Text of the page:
101 Governments and 101 Religions

Reviewed by Nicholas HM Caldwell

As 101 Governments and 101 Religions take the form of slim A5-sized booklets rather than weighty tomes and having related topics, it makes more sense to review both products in a double-barreled article instead of distinct articles.

One of the major difficulties for gamemasters of star-spanning campaigns is that given effective transportation, player-characters are likely to head off into uncharted deep space to try their luck on yet another unsuspecting world. This is especially true in exploration games such as Star Trek. Few science-fiction universes have homogeneous worlds with similar governments and religions throughout known space - rather new worlds are likely to harbour a bewildering array of different possibilities. This pair of mini-supplements will provide new inspiration for the gamemaster.

101 Governments is a fifty-six page booklet (written by David Thomas), with the subtitle "Wherever you land there will be little eccentricities particular to that area, which you ought to know about otherwise you might end up in jail". The governments are grouped into fourteen categories - No Government/Anarchy, Corporate, Participatory Democracy, Self-Perpetuating Oligarchy, Representative Democracy, Feudal Technocracy, Captive Government (i.e. a conquered world), Balkanisation, Civil Service Bureaucracy, Impersonal Bureaucracy, Charismatic Dictator, Non-Charismatic Leader, Charismatic Oligarchy and Religious Dictatorship. The author has ransacked history, legend, science-fiction and his imagination to create this impressive catalogue. Each entry is subdivided into three sections: description, referee's notes and plot. The description section provides several paragraphs on the basic ideology of the government structure and its impact on its associated culture. These details are intended for player-character consumption. The referee section presents additional details upon the seamier side of the culture or the grim reality of the governmental apparatus. The plot section provides a sample capsule adventure linked to the government background, involving assisting the locals, fellow travellers in distress, the party falling foul of some law, etc. Each government is described independently of any physical location rendering it a trivial matter to transplant the background to any territory requiring some form of administration. A one-page glossary of political terms completes this mini-supplement.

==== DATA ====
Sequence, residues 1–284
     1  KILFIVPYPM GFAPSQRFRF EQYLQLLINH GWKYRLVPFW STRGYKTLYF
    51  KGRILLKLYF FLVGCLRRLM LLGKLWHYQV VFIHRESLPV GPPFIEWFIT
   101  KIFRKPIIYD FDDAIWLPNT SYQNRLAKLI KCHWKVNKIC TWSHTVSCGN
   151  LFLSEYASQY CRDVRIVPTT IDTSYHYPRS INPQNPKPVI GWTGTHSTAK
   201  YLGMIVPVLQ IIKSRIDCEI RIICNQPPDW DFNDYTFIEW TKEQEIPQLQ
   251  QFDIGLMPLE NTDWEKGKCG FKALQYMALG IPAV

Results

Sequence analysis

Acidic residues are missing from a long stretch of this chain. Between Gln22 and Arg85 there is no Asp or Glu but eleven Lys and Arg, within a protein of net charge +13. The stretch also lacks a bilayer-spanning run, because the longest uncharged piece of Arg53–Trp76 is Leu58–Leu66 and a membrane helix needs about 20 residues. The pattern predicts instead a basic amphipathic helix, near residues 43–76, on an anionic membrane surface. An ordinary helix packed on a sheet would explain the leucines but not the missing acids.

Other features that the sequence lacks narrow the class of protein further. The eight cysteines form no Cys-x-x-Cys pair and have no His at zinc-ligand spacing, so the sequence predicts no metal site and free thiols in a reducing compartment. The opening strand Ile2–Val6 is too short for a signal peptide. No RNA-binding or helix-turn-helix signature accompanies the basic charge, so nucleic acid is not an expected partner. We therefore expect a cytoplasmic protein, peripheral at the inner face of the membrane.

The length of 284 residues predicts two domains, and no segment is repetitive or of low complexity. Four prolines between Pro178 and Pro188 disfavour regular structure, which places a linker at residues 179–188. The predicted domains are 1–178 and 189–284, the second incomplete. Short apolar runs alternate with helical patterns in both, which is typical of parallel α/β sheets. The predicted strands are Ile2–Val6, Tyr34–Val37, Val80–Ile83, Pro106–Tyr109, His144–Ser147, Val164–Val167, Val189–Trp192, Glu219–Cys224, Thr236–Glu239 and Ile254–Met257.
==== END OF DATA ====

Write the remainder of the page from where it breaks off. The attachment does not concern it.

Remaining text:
101 Religions is a forty-eight page booklet with the honest subtitle "A variety of religions, beliefs and cults with which to entertain, enthuse and annoy your Traveller players". It begins with a one-page introduction, devoting two-thirds of this to an outline definition of religion and terse notes on religious freedoms in the Imperium. The remainder of the booklet is the catalogue of belief systems divided into fourteen categories, namely Animism, Polytheistic Animism, Polytheism, Rational Polytheism, Dualism, Interactive Monotheism (where the deity has an active interest in daily affairs), Influential Monotheism (where the deity only intervenes at key moments in individuals' lives), Crisis Monotheism (where the deity only takes an active interest at critical junctures in history), Remote Monotheism (where the deity is aloof from mortal affairs), Deism, Pantheism, Agnosticism, Atheism, and a ragtag miscellany of other belief systems. Each entry is divided into three sections - description, referee, and plots. The description provides basic details on the theology and tenets of the belief system, intended for player-character consumption and available by routine database searches. The referee sections provides additional details, such as lesser known aspects of the faith, its history, and in some cases what happens behind the ceremonial facade. Each entry has at least one associated plot intertwining the player-characters with the hopes and aspirations of the believers for good or ill. Many of the religions have two plot outlines for exploitation. Some of the cults presented are drawn (with care) from real-world belief systems and legends, others are teased from science-fiction, and many are pure invention. A one-page glossary of theological terminology concludes 101 Religions.

The front cover of both 101 Governments and 101 Religions proclaims them to be supplements for Marc Miller's Traveller. However both volumes are actually suitable for any version of Traveller and indeed can be used painlessly in virtually any science-fiction game. Even hardened fantasy gamemasters could find these supplements to be valuable resources in world creation. Both 101 Governments and 101 Religions are highly recommended. Buy them!

Editor's Note

101 Governments and 101 Religions are published by British Isles Traveller Support (BITS). Their contact details are as follows:
PO Box 4222,
CM21 0DP
Great Britain
Email BITS@bits.org.uk
Web http://www.bits.org.uk/

You can buy these products through our affiliate GreatGames in the UK. Click here or on the logo for direct access to their catalogue.

All trademarks and copyrights are acknowledged

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